Pastor Pat Bailey in front his church


In my weekly column in Telluride Inside… and Out, I have been talking about the “spiritual revolution” as described by religious scholars Paul Heelas and Linda Woodhead in “The Spiritual Revolution: Why Religion is Giving Way to Spirituality.”  They characterize the change as a shift to a subjective life view and a holistic milieu.

Philosopher Charles Taylor also points to a subjective turn as he maps the series of departures that have destabilized the former cultural influences of religion (see Charles Taylor, “A Secular Age”). Taylor focuses on the conditions of belief, particularly “the move from a society where belief in God is unchallenged and indeed, unproblematic, to one in which it is understood to be one option among others, and frequently not the easiest to embrace.” What modern secularity has provided is the rise of a “reflective” framework which makes possible different kinds of experience that were impossible or not allowed in earlier ages. So, for Taylor the most notable aspect of secularity “consists of new conditions of belief; it consists in a new shape to the experience with prompts to and is defined by belief; in a new context in which all search and questioning about the moral and spiritual must proceed.”  Taylor also notes the radical difference between this shift to secularity and the cultural and religious shifts of the past:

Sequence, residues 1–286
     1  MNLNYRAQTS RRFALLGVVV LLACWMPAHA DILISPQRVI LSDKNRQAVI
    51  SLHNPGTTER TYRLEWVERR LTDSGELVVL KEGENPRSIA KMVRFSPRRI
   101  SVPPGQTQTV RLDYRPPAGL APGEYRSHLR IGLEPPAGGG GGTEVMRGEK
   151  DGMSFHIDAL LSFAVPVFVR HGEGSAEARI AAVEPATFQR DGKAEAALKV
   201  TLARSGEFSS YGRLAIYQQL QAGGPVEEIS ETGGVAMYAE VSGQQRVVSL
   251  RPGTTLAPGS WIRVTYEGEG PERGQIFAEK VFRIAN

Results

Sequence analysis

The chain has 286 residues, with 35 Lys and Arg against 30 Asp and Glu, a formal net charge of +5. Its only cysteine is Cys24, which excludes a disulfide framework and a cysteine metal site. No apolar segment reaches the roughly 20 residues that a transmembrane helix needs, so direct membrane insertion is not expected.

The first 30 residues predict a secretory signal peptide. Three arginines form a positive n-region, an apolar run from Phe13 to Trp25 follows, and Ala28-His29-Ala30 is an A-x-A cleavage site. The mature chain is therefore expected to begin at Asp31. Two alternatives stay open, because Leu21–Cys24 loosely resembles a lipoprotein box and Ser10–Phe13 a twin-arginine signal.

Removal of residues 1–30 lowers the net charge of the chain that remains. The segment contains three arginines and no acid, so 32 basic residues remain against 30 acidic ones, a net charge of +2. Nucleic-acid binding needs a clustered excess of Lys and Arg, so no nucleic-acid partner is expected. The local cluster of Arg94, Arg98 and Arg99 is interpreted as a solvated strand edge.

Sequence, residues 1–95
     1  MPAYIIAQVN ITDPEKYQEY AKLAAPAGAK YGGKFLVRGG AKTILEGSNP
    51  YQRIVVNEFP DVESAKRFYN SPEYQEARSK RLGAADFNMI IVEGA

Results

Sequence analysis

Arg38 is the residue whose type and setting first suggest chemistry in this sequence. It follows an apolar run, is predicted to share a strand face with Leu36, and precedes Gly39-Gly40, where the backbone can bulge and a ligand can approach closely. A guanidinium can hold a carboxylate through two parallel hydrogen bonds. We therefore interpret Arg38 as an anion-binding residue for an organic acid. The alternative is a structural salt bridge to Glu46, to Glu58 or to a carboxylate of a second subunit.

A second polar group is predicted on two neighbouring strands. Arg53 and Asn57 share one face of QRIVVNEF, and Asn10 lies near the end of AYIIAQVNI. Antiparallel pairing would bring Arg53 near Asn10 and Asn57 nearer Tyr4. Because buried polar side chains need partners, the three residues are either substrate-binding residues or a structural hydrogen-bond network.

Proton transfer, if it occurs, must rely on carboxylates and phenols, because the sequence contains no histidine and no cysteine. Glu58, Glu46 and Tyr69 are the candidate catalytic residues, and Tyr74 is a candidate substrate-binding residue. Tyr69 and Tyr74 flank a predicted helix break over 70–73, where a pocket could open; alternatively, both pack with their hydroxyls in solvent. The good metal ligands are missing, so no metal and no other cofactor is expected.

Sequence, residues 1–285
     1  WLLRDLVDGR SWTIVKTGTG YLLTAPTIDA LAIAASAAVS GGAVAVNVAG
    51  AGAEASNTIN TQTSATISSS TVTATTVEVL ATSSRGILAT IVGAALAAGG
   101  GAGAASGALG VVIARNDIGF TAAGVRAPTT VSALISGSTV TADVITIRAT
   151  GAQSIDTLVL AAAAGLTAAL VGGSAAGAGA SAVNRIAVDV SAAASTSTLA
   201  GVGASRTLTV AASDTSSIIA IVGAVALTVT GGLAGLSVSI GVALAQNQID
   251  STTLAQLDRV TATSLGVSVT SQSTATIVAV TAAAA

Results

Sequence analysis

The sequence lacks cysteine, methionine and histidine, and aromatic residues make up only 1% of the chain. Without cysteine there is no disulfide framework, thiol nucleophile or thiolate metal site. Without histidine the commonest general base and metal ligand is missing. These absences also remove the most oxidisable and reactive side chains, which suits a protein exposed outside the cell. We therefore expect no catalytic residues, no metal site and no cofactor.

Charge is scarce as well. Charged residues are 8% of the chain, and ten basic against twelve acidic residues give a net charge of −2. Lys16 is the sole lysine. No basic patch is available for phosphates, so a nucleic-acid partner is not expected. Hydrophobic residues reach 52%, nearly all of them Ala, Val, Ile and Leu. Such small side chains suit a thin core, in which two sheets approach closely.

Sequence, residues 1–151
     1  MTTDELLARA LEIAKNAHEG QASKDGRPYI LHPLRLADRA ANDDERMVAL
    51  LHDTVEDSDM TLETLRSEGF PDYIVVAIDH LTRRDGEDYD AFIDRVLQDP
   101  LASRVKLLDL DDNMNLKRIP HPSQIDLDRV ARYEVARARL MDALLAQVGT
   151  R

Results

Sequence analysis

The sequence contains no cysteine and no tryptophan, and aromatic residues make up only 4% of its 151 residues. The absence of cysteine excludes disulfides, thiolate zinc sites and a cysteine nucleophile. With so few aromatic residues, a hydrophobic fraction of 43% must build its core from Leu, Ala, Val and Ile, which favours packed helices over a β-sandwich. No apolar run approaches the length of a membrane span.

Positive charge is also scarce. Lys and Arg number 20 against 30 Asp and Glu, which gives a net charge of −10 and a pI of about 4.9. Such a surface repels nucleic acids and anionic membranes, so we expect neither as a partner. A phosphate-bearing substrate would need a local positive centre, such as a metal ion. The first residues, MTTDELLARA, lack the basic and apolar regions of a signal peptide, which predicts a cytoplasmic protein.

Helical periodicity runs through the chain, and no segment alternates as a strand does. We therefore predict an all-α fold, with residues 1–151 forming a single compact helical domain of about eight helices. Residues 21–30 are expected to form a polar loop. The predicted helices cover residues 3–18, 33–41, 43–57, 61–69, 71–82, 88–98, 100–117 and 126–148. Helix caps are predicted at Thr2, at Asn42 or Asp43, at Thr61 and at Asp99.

“The main feature of this new context is that it puts an end to the naive acknowledgment of the transcendent, or of goals or claims which go beyond human flourishing.  But this is quite unlike religious turnovers in the past, where one naive horizon ends up replacing another, or the two fuse syncronistically. . . . Naiveté is now unavailable to anyone, believer or unbeliever alike.”

Do you agree or disagree with Taylor’s description of the new conditions of belief that  characterize the secular age?  Our ancestors could not have imagined a worldview without religious belief, largely shaped by their cultures. Do you consider the move to a worldview where religious belief is considered to be one option among others something positive or negative?  Do you agree or disagree that a naive acknowledgement of the transcendent or goals and claims beyond human flourishing are no longer available to persons in a late-modern context?  Is Naiveté the only way of maintaining faith and spirituality, or are their other options for refiguring religious worldviews in our late-modern context?   Join the conversation and I promise to address your views in upcoming posts.

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